The United States District Court for the District of Columbia reached a different result in Search v. Uber Technologies, Inc. 128 F.Supp.3d 222 (D.D.C. 2015). In Search, the passenger was stabbed by an Uber driver following an altercation with the driver. Search, 128 F.Supp.3d at 231. In the Search court, the passenger alleged sufficient facts to support claims that Uber was the employer of the driver and that the driver’s actions were incident to his employment with Uber. Search, 128 F.Supp.3d at 231.

The Search court found that the passenger alleged sufficient facts to establish an employee/employer relationship based on the application of the five-factor test for employee-employer relationships that examines (1) involvement in the selection and engagement of the employee; (2) payment of wages; (3) power to discharge; (4) power to control the employee’s conduct; and (5) whether the employee’s work is part of the regular business of the employer. Search, 128 F.Supp.3d at 231. The court reasoned that the passenger’s amended complaint set forth facts illustrating Uber’s involvement in the selection process of new drivers (by way of its screening procedures); payment of wages (by paying drivers weekly rather than permitting them to collect payment or tips directly from passengers); and termination of employees (by enjoying broad latitude to terminate employees who fail to comply with the company’s standards). Search, 128 F.Supp.3d, at 232.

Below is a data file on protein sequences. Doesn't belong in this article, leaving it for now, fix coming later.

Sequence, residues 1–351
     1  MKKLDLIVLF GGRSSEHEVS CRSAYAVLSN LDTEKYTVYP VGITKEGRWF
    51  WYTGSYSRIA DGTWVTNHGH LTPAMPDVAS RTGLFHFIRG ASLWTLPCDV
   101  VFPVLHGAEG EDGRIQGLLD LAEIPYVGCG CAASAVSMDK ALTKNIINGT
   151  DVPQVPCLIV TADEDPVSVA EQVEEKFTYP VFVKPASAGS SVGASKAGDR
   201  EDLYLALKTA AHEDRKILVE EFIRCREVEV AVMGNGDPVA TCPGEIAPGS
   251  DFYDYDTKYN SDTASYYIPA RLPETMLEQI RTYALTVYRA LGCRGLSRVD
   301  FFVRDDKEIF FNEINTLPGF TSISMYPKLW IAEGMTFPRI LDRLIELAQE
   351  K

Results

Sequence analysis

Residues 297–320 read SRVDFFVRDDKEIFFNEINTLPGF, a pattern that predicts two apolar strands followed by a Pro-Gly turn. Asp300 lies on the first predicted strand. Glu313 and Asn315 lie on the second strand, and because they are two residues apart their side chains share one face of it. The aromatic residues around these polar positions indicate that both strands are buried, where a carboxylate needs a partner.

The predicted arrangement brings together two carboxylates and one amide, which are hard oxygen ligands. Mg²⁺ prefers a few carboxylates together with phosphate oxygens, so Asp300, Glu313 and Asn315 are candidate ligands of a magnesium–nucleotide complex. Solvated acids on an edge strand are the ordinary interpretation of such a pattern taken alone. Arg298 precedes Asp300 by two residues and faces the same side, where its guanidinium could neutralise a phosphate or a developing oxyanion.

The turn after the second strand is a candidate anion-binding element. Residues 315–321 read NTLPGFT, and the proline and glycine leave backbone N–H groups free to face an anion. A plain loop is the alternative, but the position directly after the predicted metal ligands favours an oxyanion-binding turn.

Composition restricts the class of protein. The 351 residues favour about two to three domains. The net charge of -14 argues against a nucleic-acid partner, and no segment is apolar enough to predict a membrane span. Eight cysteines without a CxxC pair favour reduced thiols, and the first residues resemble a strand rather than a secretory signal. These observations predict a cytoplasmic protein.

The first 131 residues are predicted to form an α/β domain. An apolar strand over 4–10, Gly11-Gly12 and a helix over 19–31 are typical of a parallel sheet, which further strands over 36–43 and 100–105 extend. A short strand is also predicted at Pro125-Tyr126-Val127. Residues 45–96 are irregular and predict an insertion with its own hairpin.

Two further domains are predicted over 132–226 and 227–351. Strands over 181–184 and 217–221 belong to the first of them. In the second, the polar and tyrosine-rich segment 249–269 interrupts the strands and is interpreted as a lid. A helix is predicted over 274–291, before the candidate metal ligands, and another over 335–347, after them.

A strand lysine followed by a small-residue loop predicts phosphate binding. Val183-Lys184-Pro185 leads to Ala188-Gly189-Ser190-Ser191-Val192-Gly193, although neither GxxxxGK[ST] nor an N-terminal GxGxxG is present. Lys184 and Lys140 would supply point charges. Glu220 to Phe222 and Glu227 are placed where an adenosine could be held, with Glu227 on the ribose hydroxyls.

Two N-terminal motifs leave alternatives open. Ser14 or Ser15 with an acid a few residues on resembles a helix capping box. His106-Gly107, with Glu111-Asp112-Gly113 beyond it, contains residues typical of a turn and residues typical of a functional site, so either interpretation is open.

The Search court dismissed the negligent hiring claim, notwithstanding the passenger’s reliance on statements made on the Uber website that its “three step screening” process for background checks “has set a new standard” and is “often more rigorous than what is required to become a taxi driver.” Search, 128 F.Supp.3d at 230. The court found that the passenger’s claim that the hire must have been negligent because the assault occurred to be “res ipsa loquitur-style logic [that] falls short of the threshold required to survive a Rule 12(b)(6) motion.” Search, 128 F.Supp.3d at 230.